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Article
Association of religiosity and spirituality with quality of life in patients with cardiovascular disease: a systematic review
Quantitative Health Sciences Publications and Presentations
  • Hawa Abu, University of Massachusetts Medical School
  • Christine M. Ulbricht, University of Massachusetts Medical School
  • Eric Y. Ding, University of Massachusetts Medical School
  • Jeroan J. Allison, University of Massachusetts Medical School
  • Elena Salmoirago-Blotcher, Brown University
  • Robert J. Goldberg, University of Massachusetts Medical School
  • Catarina I. Kiefe, University of Massachusetts Medical School
UMMS Affiliation
Department of Quantitative Health Sciences; Graduate School of Biomedical Sciences, Clinical and Population Health Research
Publication Date
2018-11-2
Document Type
Article
Abstract

Purpose: This review systematically identified and critically appraised the available literature that has examined the association between religiosity and/or spirituality (R/S) and quality of life (QOL) in patients with cardiovascular disease (CVD).

Methods: We searched several electronic online databases (PubMed, SCOPUS, PsycINFO, and CINAHL) from database inception until October 2017. Included articles were peer-reviewed, published in English, and quantitatively examined the association between R/S and QOL. We assessed the methodological quality of each included study.

Results: The 15 articles included were published between 2002 and 2017. Most studies were conducted in the US and enrolled patients with heart failure. Sixteen dimensions of R/S were assessed with a variety of instruments. QOL domains examined were global, health-related, and disease-specific QOL. Ten studies reported a significant positive association between R/S and QOL, with higher spiritual well-being, intrinsic religiousness, and frequency of church attendance positively related with mental and emotional well-being. Approximately half of the included studies reported negative or null associations.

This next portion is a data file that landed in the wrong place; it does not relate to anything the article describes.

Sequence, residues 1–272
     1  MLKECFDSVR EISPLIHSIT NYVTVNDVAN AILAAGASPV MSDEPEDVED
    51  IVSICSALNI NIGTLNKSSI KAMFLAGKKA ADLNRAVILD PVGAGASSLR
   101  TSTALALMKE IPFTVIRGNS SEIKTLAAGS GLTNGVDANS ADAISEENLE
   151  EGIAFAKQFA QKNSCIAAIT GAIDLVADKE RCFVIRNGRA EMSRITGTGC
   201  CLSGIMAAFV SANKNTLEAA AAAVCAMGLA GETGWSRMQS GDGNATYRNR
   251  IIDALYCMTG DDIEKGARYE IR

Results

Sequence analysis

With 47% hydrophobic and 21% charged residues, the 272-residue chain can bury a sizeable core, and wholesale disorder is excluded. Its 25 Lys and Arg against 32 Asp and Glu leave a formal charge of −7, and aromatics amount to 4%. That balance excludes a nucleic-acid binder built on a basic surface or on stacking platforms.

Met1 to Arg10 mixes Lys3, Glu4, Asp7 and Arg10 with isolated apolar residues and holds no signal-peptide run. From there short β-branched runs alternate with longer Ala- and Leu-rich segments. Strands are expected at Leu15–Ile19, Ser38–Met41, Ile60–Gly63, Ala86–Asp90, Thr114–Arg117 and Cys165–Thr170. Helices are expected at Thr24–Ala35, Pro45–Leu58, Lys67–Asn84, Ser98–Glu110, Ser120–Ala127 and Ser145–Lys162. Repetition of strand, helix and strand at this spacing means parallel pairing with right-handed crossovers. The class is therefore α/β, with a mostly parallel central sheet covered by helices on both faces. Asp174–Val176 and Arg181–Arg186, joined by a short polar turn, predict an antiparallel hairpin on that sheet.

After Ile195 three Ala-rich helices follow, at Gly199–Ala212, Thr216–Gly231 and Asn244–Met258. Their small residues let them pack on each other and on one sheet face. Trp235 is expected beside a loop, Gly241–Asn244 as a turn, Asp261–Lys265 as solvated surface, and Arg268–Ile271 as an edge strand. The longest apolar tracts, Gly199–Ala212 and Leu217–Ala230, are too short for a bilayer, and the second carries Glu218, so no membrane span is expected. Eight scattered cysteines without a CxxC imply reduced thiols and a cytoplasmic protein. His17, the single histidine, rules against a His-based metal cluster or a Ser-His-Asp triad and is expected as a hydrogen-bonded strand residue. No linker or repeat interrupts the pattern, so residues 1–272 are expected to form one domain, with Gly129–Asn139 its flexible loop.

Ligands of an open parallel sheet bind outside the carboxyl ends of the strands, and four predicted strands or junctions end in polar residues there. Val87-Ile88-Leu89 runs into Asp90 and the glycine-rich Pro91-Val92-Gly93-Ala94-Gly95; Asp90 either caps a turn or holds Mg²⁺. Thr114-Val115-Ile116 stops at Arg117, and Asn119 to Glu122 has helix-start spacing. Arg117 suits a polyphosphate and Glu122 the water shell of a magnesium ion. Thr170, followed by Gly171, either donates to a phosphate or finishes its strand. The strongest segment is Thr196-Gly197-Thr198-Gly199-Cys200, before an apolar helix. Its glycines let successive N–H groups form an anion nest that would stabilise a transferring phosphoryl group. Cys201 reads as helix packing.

Conclusions: Our findings suggest that higher levels of R/S may be related to better QOL among patients with CVD, with varying associations depending on the R/S dimension and QOL domain assessed. Future longitudinal studies in large patient samples with different CVDs and designs are needed to better understand how R/S may influence QOL. More uniformity in assessing R/S would enhance the comparability of results across studies. Understanding the influence of R/S on QOL would promote a holistic approach in managing patients with CVD.

Keywords
  • Religiosity,
  • Spirituality,
  • Quality of life,
  • Global QOL,
  • Health-related QOL,
  • Cardiovascular disease
Rights and Permissions
© The Author(s) 2018. Open Access. This article is distributed under the terms of the Creative Commons Attribution 4.0 International License (http://creativecommons.org/licenses/by/4.0/), which permits unrestricted use, distribution, and reproduction in any medium, provided you give appropriate credit to the original author(s) and the source, provide a link to the Creative Commons license, and indicate if changes were made.
DOI of Published Version
10.1007/s11136-018-1906-4
Source

Qual Life Res. 2018 Nov;27(11):2777-2797. doi: 10.1007/s11136-018-1906-4. Epub 2018 Jun 11. Link to article on publisher's site

PubMed ID
29948601
Related Resources

Link to article in PubMed

Creative Commons License
Creative Commons Attribution 4.0
Citation Information
Hawa Abu, Christine M. Ulbricht, Eric Y. Ding, Jeroan J. Allison, et al.. "Association of religiosity and spirituality with quality of life in patients with cardiovascular disease: a systematic review" Vol. 27 Iss. 11 (2018)
Available at: http://works.bepress.com/catarina_kiefe/283/